Steaming giant Netflix and corporate powerhouse Disney are ending their business together as Netflix acquires Mark Millar’s company Millarworld. Will more options equal more competition, and thus better options for folks looking to binge-watch their entertainment? Continue reading Splitting Hairs, and Revenue Streams
LOOKING FOR BOOKS TO BUY THIS WEEK?
LOOK NO FURTHER.
HERE ARE SOME ISSUES THAT WILL NOT DISAPPOINT.
Patrick’s Recommendations …
Web Warriors #2
“Get your helping of Spider Gwen with some Spiderham on the side”
Continue reading Indubitable Issues and Pull List (12/16/15)
At Nothing But Comics, we noticed that the social media network Twitter now allows its users to create polls. Although the polling feature is currently somewhat limited (you can only use two options in your polling), we were eager to give it a try.
So we’re asking Twitter users to declare whether or not they will purchase the first issue of the new Image Comics series Huck this week. The comic’s creative team includes writer Mark Millar (Wanted, Kick-Ass, Jupiter’s Legacy) and artist Rafael Albuquerque (American Vampire, Blue Beetle, Ei8ht).
Continue reading POLL: Will you buy HUCK #1 this week?
Well, previously announced The God Dammed by the Scalped team of Jason Aaron & RM Guerra, Huck by Mark Millar & Rafeal Albuquerque, Ringside by Joe Keatinge, Monstress by Marjorie Liu & the 8House chapter by Emma Rios. A new series was announced for Sam Humphries of Planet Hulk, Starlord & Our Love Is Real titled Citizen Jack in addition to newly announced series or OGN’s by Eddie Argos, Dan Waters & all the excellent comics we’ve come to expect from the publisher. More details at Image Comics
At Nothing But Comics, we’ve been eager to learn more about writer Mark Millar and artist Rafael Albuerque’s new Image Comics series Huck.
Continue reading Preview of Mark Millar/Rafael Albuquerque Comic Huck
by Mark Millar, Rafael Albuquerque & Dave McCraig
Mark Millar’s Image renaissance kicked off with a bang on Jupiters Legacy & Starlight, two of his best comics in years with unique concepts, smart character work and amazing art teams. His follow up to those books has resulted in diminishing returns with the debut of his new series Huck continuing that trend. It’s not bad because it’s not much of anything as a lot of what made his most successful recent Image work is missing this time around.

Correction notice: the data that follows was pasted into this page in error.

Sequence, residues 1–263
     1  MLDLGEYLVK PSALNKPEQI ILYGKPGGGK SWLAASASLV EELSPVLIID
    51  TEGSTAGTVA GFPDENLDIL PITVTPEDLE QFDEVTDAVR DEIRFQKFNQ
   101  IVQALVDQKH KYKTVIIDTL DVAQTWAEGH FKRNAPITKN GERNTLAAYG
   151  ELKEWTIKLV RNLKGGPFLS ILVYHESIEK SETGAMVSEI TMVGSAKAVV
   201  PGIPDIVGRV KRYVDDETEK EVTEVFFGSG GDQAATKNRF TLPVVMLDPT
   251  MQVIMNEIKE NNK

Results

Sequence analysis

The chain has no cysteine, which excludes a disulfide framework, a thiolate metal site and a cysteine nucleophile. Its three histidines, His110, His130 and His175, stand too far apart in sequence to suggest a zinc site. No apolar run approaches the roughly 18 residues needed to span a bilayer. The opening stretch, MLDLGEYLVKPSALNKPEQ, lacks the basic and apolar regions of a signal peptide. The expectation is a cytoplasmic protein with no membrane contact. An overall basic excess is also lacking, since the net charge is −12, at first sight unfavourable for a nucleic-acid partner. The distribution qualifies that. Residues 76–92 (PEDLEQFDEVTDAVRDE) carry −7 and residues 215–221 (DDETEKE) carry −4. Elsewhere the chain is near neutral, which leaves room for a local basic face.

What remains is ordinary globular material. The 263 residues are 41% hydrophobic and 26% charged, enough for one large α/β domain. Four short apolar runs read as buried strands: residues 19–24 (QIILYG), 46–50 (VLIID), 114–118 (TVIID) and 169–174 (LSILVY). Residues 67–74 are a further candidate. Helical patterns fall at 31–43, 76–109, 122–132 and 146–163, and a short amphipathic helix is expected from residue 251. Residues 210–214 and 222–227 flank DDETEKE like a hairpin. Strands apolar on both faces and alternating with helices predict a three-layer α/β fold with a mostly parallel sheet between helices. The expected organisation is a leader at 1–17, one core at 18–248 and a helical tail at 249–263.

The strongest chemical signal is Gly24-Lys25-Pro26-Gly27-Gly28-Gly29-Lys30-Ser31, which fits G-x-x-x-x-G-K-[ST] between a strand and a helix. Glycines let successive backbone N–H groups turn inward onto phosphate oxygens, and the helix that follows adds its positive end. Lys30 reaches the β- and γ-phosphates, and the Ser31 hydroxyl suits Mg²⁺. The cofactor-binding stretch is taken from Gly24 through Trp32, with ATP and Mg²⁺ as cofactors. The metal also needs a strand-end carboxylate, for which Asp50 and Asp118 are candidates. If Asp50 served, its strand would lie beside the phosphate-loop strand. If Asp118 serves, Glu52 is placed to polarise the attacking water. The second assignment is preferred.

Huck is a story about a gas station attendant in a small town with super powers. Basically, he’s Superman had he never left Smallville and the entire town kept his abilities a secret. Huck does a series of good deeds everyday ranging from helping a neighbor take out a tree stump, buy lunch for all the cars in the drive thru behind him or save a a bunch of kidnapped women in Africa. In that way, Huck isn’t all that different from Millar’s past work where he re-imagines tropes from popular superheros with his own twist. The problem here is that Huck is basically all set up for a story that doesn’t really need it. The entirety of Huck #1 feels like it could have been done in a quarter of the amount of pages that take up the entire issue and that’s done at the expense of the issue giving any real sense of the character’s or setting beyond the Americana iconography they are based on. It’s hard to feel anything about what little actually happens in the series opening issue because so much of where and who it’s happening is kind of empty. It’s plot, cast and setting are weightless beyond the most base level of expectations based on what was already known about the comic before it’s release. Huck is a great elevator pitch that never surpasses that. Artist Rafael Albuquerque doesn’t bring a whole lot to the comic though there isn’t exactly a lot for him to work with. Still, it’s been years since the rough and animated style he brought to American Vampire in the series early days felt as exciting and striking no matter how much he’s tried to stretch himself. You can still tell it’s Albuquerque but it lacks the power & vitality of what made him stand out when he first started doing American comics. Probably the best part of Huck is the color work by Dave McCraig who uses a range of muted blue tones for a singular atmosphere. It looks more like the cover’s from classic Blue Note Jazz LP’s but McCraig weirdly makes it work here.
There is a difference between great ideas and great writing. Mark Millar is a guy that is full of great ideas and can often write really great stories based on those ideas and Huck certainly has the potential to be the latter but it’s debut doesn’t pull it off. If you knew anything about this comic before it was released, you probably know exactly what happened in this issue. Huck is a great concept in the abstract, unfortunately that’s all the comic is so far.